In vivo assessment of human brain oscillations during application of transcranial electric currents.

Nat Commun. 2013 Jun 21; 4: 2032
Soekadar SR, Witkowski M, Cossio EG, Birbaumer N, Robinson SE, Cohen LG

Brain oscillations reflect pattern formation of cell assemblies’ activity, which is often disturbed in neurological and psychiatric diseases like depression, schizophrenia and stroke. In the neurobiological analysis and treatment of these conditions, transcranial electric currents applied to the brain proved beneficial. However, the direct effects of these currents on brain oscillations have remained an enigma because of the inability to record them simultaneously. Here we report a novel strategy that resolves this problem. We describe accurate reconstructed localization of dipolar sources and changes of brain oscillatory activity associated with motor actions in primary cortical brain regions undergoing transcranial electric stimulation. This new method allows for the first time direct measurement of the effects of non-invasive electrical brain stimulation on brain oscillatory activity and behavior. HubMed – depression


Management of Intra-articular Fracture of Calcaneus by Combined Percutaneous and Minimal Internal Fixation.

J Nepal Health Res Counc. 2013 Jan; 11(23): 70-75
Lamichhane A, Mahara D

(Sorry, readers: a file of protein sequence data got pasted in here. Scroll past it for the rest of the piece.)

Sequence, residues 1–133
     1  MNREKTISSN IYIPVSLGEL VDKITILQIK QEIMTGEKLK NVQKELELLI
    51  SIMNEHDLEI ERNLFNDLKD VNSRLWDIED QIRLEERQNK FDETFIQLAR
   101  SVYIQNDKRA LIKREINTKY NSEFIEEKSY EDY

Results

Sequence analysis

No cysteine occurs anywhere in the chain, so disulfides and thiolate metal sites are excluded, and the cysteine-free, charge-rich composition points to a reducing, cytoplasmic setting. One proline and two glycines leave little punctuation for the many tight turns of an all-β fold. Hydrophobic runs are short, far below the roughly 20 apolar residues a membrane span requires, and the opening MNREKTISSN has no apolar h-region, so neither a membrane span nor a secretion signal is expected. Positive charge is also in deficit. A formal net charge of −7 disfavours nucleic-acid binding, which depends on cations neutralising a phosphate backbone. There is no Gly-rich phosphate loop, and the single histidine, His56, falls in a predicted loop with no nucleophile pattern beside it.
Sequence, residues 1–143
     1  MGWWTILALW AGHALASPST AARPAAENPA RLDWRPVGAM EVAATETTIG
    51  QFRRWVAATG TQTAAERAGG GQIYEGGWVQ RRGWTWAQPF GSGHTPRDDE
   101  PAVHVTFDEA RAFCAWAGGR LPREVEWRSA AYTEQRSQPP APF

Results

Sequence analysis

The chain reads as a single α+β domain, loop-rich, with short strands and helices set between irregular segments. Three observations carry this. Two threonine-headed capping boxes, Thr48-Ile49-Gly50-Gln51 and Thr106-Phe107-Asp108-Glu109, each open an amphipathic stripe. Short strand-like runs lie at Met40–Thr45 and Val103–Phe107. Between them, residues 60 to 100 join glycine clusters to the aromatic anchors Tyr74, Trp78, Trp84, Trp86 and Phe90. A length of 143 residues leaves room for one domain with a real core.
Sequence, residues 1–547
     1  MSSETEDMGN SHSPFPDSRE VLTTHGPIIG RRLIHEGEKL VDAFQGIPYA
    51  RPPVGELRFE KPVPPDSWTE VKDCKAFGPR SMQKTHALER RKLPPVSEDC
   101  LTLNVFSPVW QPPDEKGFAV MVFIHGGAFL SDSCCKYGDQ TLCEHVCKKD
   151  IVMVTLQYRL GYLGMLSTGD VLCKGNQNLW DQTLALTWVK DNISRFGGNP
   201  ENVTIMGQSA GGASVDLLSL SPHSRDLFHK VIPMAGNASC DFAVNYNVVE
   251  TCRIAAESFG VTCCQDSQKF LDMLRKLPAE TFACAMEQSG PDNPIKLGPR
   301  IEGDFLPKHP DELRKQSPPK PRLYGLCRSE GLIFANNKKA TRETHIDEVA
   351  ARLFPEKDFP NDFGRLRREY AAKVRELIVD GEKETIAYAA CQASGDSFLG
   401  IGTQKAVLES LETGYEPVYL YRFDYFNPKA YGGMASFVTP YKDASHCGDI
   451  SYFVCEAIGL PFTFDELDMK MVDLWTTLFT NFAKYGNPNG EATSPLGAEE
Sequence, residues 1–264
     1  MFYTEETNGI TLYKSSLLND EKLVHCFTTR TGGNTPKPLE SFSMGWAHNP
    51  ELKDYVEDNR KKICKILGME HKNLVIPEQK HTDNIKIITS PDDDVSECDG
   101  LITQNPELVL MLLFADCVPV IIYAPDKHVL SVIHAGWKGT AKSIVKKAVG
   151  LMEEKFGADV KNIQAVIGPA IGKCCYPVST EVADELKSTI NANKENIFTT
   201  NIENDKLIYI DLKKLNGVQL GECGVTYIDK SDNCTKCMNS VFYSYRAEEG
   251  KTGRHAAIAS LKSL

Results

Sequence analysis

Background: Fractures of the calcaneus are among the most challenging for the orthopaedic surgeon. The treatment of the intra-articular calcaneum fracture remains controversial due to complications and complexity of surgical anatomy. Treatment of calcaneal fracture ranges from non-operative treatment to operative. We present intraarticular fracture of calcaneus treated by combined percutaneous and minimal internal fixation. Methods: All cases evaluated either by X-ray or CT scan. All fractures were sanders two or three type evaluated by CT scan and either joint depression or tongue type fracture by X-ray. Lateral approach was used, posterior facet was exposed, reduced and fixed with one 4 mm canulated cancellous screws and 2 axial pins percutaneously from tuberosity. Clinical evaluation of the outcomes was done by modified Rowe Score. Results: Out of 22 patients, 14 were male and 8 cases were female. Average age of the patients was 30.5 yrs (15-63 yrs). Mode of the injury was RTA in 6 cases and fall from height in 16 cases. There was no soft tissue problem in any patient. All fractures united without secondary displacement in an average of 8 weeks. Average duration of follow up was 26 months (6-37 months). Average Modified Rowe Score was 80 (Range 55-95). Ten patients had excellent, 10 had good and 2 had satisfactory outcome. Conclusions: Intra-articular fracture of the calcaneus can be well managed by minimal opening at the fracture and fixation by single cancellous screw and 2 axial k-wires, so minimizes complications and results in comparable outcomes. Keywords: calcaneum; intra-articular fracture; internal fixation; Rowe Score. HubMed – depression